Six NationsThe Counter Ruck

Who is Maxime Lucu, the man set to replace Antoine Dupont?

‘It will be different with Maxime, I don’t think he will try and be Dupont, he will play his own game but he does have some similar strengths’

A festive fixture in Clermont’s raucous Stade Marcel Michelin may well have offered French rugby significant reassurance. If it was needed.

Maxime Lucu, the Bordeaux scrumhalf and presumptive heir to the throne of Antoine Dupont – left vacant as he pursues his Olympic dream with the French sevens side – provided a performance reminiscent of the French talisman. Or at least as close an imitation of the world’s best player as one can get.

Just shy of 10 minutes into the contest, Lucu received an offload under pressure from Yoram Moefana, also a teammate in the French squad. Three metres from his own line, having retreated under the pressure of a swarming kick chase, Lucu arced his run around one defender, showing off a burst of speed. A hard step off his left foot followed, allowing the scrumhalf to beat three more would-be tacklers.

Breaking into the Clermont half, Lucu had the wherewithal to create the final pocket of space. His head on a swivel, constantly scanning, he made a beeline for the next defender. More footwork drew him in, opening the gap for Lucu to send his winger away.


“He was able to see the space,” remarks Bordeaux attack coach Noel McNamara of his scrumhalf’s performance on that late December day. “He demonstrated some other sides to his game, some transition opportunities inside our own half.

“He’s just an outstanding rugby player.”

McNamara, the former Leinster academy manager and Ireland Under-20s head coach, has worked with Lucu since taking up his role with Bordeaux this season. Having worked daily with the scrumhalf over a number of months, he is well positioned to assess how he will rise to the challenge of replacing the biggest name in the sport. The first task comes on Friday when France open their Six Nations campaign against Ireland.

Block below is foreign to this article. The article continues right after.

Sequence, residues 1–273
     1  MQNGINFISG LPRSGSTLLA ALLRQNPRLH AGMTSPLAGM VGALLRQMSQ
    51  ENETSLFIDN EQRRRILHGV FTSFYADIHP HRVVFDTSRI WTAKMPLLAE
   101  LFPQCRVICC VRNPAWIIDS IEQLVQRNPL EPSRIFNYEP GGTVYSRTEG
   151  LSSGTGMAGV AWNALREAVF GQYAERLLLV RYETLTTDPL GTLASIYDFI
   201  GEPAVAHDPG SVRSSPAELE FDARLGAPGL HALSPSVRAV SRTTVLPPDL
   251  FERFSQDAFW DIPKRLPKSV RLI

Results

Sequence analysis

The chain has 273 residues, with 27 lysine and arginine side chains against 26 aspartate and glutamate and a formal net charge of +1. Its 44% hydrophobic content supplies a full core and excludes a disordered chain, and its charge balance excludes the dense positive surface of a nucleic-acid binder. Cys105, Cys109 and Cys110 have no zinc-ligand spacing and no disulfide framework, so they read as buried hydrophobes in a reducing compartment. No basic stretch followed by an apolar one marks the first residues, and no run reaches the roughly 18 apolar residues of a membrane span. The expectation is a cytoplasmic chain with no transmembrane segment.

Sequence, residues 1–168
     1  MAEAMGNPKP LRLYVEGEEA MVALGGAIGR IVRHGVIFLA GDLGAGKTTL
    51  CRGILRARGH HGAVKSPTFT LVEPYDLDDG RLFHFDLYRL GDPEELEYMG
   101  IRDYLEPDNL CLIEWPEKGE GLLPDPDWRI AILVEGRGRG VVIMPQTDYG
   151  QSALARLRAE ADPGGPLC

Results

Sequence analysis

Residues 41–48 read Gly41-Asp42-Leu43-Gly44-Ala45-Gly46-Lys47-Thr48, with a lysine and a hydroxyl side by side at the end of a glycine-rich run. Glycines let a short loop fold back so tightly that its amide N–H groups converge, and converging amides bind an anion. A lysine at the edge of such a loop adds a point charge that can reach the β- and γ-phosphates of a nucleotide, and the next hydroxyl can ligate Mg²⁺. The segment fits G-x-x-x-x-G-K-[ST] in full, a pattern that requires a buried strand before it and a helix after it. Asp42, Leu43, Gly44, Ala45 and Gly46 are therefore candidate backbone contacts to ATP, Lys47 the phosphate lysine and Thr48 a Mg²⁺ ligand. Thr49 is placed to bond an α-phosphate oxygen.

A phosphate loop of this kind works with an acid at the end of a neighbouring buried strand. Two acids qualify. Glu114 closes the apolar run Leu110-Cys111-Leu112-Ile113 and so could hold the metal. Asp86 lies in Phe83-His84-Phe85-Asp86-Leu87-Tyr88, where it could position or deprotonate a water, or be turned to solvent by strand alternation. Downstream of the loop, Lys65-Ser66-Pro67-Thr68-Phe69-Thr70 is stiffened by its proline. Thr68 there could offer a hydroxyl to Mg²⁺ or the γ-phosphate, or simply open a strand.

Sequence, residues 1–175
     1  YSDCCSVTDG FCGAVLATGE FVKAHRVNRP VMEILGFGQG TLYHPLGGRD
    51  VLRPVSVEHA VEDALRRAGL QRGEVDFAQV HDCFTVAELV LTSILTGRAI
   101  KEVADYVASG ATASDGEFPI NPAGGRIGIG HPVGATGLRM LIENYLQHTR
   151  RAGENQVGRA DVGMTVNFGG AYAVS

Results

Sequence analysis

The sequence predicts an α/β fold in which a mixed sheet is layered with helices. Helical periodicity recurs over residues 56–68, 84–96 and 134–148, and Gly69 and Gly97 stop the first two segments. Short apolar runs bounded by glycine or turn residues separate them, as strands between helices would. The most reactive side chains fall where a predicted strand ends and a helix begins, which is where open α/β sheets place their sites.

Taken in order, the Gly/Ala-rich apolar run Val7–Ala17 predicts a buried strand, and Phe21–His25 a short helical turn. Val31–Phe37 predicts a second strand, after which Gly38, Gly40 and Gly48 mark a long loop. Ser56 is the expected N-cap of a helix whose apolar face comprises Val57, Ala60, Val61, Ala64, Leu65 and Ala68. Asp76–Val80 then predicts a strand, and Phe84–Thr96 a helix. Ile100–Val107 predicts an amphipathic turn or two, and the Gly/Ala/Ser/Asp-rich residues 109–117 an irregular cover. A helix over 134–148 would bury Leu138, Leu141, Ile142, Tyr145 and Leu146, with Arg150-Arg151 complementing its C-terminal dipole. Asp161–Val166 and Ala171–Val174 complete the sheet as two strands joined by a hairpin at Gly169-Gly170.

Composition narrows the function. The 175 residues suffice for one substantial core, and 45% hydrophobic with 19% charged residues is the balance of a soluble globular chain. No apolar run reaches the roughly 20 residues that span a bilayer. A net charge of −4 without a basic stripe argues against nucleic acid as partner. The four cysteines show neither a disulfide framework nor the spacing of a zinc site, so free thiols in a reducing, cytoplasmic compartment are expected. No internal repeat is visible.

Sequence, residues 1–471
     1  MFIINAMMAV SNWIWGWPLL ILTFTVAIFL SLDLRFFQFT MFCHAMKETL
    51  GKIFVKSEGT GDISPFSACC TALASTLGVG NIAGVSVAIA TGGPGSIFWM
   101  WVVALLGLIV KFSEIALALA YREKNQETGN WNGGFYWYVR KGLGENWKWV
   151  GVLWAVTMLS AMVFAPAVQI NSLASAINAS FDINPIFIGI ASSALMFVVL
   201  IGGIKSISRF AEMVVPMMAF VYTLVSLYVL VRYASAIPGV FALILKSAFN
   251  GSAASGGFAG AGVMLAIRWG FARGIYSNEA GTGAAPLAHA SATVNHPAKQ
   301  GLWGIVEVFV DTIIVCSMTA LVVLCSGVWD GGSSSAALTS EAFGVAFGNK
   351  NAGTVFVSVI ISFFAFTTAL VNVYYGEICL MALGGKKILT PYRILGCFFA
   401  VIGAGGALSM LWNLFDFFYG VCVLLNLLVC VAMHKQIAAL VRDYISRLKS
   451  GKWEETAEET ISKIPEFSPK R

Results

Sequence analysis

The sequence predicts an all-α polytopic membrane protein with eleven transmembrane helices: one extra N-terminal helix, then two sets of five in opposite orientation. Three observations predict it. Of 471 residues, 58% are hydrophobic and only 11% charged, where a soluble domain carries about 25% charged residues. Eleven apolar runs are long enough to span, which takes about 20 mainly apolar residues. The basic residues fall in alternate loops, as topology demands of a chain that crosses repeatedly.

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In Dupont, France are losing their captain, one of their chief game managers, a quality broken field runner and an outstanding defender – as Mack Hansen can attest. Based on what he’s seen, McNamara is convinced Lucu can make a decent stab at plugging the gap.

“He’s an incredible person,” says McNamara of Lucu, speaking on The Counter Ruck podcast. “He was appointed captain for the season at Bordeaux and he’s doing an absolutely fantastic job in that role. He’s probably been one of the core drivers of the team over the last number of weeks, the run of games where we’ve been pretty successful. In terms of his selection, I think it’s a no-brainer. I expect to see him and Matthieu Jalibert at nine and 10 on Friday night.”

The link with Jalibert, Lucu’s teammate at Bordeaux, is pertinent. No one can argue that France are better off without Antoine Dupont, but there is logic to the idea that they will benefit from the cohesion that comes from their halfbacks playing together regularly at club level. Speaking to Midi Olympique this week, Lucu described his relationship with Jalibert as that of “an old married couple without the monotony.”